Best-selling investment author Bill Bonner is the founder and president of Agora Publishing, one of the world's most successful consumer newsletter companies. Owner of both Fleet Street Publications and MoneyWeek magazine in the UK, he is also author of the free daily e-mail The Daily Reckoning.
Bill Bonner

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Comments

  1. Bill Bonner and many other free market commentators often mention how it’s not possible to create prosperity for all by printing money. But I ask you, was prosperity for all ever really a central bank’s intention? I don’t think so. I believe that was never the intention of the money magicians. The intention was always to protect the elite at the expense of the masses by diluting the purchasing power of boobus americanus for the elite’s benefit. The money does eventually trickle down, but only after prices have been puffed up by the fresh money thus negating any gains in higher wages etc. Creating money only benefits those closest to the money tap: the elite.

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  2. Nathan, I presume they certainly know this. But restraint is needed in this Orwellian world to remain credible to the 99% of people who have no idea how the Babylonian Slave Trade system works in the 21st century via perpetual debt.

    Warm Regards,

    Dion

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  3. I think Bill has reasons for his approaches. He tells us how our Keynesian bankers and governments are silly etc but we know they hold wealth varying from the mildly ostentatious to the unimagineable. Reminds me of that scene in the Simpsons where Bart confidently informs Fat Tony that crime doesn’t pay…as FT is escorted into his limousine.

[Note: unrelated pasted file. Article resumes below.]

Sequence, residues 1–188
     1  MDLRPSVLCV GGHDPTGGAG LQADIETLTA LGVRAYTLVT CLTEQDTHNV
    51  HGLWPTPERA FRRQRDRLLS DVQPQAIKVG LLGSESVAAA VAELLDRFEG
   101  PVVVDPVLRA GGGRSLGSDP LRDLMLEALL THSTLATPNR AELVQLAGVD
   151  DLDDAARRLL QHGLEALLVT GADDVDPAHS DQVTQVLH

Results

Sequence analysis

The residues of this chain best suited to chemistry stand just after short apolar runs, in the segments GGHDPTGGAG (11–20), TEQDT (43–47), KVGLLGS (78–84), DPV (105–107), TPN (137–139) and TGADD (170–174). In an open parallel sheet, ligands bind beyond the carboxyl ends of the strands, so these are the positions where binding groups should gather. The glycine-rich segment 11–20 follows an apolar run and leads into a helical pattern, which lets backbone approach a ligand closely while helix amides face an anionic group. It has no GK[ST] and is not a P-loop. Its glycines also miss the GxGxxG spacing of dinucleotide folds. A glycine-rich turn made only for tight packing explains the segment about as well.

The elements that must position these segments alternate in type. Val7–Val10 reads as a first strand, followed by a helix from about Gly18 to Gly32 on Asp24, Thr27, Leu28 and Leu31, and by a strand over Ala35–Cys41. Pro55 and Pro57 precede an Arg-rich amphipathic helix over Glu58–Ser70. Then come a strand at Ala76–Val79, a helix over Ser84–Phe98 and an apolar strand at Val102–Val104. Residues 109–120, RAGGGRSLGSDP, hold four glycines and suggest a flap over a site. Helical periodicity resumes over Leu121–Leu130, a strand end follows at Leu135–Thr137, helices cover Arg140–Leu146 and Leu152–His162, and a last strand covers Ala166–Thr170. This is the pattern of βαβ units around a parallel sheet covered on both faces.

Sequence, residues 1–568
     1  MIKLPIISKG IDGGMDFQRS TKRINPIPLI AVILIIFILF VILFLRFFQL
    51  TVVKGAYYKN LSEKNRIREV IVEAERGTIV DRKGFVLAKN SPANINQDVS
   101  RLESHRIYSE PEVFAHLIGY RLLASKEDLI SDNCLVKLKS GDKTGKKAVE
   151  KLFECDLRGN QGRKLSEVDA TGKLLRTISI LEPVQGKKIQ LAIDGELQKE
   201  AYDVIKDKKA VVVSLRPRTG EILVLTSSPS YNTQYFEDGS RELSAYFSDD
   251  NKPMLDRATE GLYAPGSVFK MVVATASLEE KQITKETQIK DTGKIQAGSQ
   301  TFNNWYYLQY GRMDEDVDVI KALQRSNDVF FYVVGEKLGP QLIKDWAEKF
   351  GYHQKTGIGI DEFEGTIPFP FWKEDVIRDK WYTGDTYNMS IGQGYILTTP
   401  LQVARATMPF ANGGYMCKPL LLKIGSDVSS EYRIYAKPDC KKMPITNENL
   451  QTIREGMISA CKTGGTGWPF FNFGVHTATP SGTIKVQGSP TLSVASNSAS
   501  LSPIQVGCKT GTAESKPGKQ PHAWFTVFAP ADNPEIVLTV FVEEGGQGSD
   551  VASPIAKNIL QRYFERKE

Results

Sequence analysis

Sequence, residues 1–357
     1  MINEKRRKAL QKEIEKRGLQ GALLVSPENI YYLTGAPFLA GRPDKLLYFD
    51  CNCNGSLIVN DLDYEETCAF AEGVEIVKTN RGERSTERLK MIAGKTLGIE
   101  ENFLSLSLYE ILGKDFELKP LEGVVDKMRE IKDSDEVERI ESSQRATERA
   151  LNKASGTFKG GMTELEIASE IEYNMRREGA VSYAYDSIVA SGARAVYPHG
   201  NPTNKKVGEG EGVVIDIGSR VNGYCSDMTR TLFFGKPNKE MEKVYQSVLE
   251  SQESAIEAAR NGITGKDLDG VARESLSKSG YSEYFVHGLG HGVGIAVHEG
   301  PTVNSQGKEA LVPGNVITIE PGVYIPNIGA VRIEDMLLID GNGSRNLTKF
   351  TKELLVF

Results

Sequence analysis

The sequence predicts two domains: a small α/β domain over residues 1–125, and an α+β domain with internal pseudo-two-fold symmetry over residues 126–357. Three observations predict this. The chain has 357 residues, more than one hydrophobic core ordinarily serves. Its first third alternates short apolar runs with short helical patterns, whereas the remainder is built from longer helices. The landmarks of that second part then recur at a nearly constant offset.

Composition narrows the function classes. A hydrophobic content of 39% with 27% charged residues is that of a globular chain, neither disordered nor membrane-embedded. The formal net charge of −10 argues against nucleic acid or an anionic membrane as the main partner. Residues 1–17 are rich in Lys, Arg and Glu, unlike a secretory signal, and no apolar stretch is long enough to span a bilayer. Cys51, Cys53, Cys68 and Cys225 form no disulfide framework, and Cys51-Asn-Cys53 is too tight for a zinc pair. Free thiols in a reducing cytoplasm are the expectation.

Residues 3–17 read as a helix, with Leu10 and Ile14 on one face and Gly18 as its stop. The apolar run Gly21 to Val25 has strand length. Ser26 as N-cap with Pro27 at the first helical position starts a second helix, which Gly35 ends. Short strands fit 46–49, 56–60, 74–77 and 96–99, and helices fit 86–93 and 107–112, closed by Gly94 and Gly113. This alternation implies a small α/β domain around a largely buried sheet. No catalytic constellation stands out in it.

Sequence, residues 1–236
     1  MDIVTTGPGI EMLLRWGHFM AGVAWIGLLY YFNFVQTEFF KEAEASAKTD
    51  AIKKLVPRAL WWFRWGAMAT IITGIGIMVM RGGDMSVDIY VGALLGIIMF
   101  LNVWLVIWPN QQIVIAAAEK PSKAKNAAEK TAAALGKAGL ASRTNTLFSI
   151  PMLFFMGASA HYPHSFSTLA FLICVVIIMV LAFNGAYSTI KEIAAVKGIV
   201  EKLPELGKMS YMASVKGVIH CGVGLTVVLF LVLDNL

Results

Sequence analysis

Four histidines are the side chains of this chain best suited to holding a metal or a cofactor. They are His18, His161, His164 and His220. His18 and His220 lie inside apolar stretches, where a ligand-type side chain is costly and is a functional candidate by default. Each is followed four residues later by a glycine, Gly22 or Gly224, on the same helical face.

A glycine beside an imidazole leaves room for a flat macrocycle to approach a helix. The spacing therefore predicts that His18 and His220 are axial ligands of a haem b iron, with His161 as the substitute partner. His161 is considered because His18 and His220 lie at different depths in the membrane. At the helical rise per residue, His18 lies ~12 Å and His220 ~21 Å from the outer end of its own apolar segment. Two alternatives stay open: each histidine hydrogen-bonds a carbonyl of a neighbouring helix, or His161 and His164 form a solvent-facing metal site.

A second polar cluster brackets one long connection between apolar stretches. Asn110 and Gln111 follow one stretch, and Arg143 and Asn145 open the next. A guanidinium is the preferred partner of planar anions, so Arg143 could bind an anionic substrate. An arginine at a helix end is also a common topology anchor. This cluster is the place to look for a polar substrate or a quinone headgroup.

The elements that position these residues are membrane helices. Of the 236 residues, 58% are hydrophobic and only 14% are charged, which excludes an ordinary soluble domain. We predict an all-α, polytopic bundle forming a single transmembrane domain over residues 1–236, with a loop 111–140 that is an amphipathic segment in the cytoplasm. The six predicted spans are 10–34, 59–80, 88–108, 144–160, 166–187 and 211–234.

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  4. Bill is an unashamed storyteller, a raconteur of urban and rural truths and fables, whose instincts are sharp… and focused primarily on helping us retain the value of our money (but, as we’re told repeatedly, not _making_ any.) ;)

    However, in a world of persistent inflation, where paper money is blowin’ in the wind… and where stockmarkets may quickly fall 54.5%, his view that tangibles are at least _tangible_… is persuasive.

    Here’s the dilemma: Generalising one set of findings to a vastly different context (or continent) is the first threat to validity. So imagine how difficult it must be to protelize to Aussies! Imagine having to draw from the US experience any lessons at all. Poor Dan, Nic and that Skayce fella have to weave the dreadfully Kangaroo Edward US situation into a Strine context. Oh to be in England, or PIIGsville, where economies are already floundering like beached halibut… and Armageddon is already trumpeting alarum… . :D

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  5. When Britain puts G Brown into a prison cell for stealing the UK’s gold (selling it cheaply to his friends), then perhaps the ethical tide will turn. If not, the bubble will just keep growing and growing and growning, until someone has some guts to realise that the later it pops, the worse it will be.